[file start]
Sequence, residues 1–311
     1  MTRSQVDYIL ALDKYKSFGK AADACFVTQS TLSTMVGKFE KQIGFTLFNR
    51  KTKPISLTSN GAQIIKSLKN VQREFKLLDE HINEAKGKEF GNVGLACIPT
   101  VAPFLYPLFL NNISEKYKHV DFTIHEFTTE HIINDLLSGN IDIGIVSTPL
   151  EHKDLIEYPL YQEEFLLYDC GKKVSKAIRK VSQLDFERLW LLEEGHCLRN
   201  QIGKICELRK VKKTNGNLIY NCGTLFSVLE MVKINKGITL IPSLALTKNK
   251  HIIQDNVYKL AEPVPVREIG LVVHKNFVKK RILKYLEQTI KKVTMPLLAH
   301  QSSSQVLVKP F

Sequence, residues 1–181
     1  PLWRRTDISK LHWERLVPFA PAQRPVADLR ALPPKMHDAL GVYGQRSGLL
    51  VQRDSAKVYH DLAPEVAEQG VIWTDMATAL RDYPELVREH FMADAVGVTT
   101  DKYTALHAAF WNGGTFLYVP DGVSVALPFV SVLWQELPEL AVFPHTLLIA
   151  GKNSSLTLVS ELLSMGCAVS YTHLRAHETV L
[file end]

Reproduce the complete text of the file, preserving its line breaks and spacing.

Sequence, residues 1–311
     1  MTRSQVDYIL ALDKYKSFGK AADACFVTQS TLSTMVGKFE KQIGFTLFNR
    51  KTKPISLTSN GAQIIKSLKN VQREFKLLDE HINEAKGKEF GNVGLACIPT
   101  VAPFLYPLFL NNISEKYKHV DFTIHEFTTE HIINDLLSGN IDIGIVSTPL
   151  EHKDLIEYPL YQEEFLLYDC GKKVSKAIRK VSQLDFERLW LLEEGHCLRN
   201  QIGKICELRK VKKTNGNLIY NCGTLFSVLE MVKINKGITL IPSLALTKNK
   251  HIIQDNVYKL AEPVPVREIG LVVHKNFVKK RILKYLEQTI KKVTMPLLAH
   301  QSSSQVLVKP F

Sequence, residues 1–181
     1  PLWRRTDISK LHWERLVPFA PAQRPVADLR ALPPKMHDAL GVYGQRSGLL
    51  VQRDSAKVYH DLAPEVAEQG VIWTDMATAL RDYPELVREH FMADAVGVTT
   101  DKYTALHAAF WNGGTFLYVP DGVSVALPFV SVLWQELPEL AVFPHTLLIA
   151  GKNSSLTLVS ELLSMGCAVS YTHLRAHETV L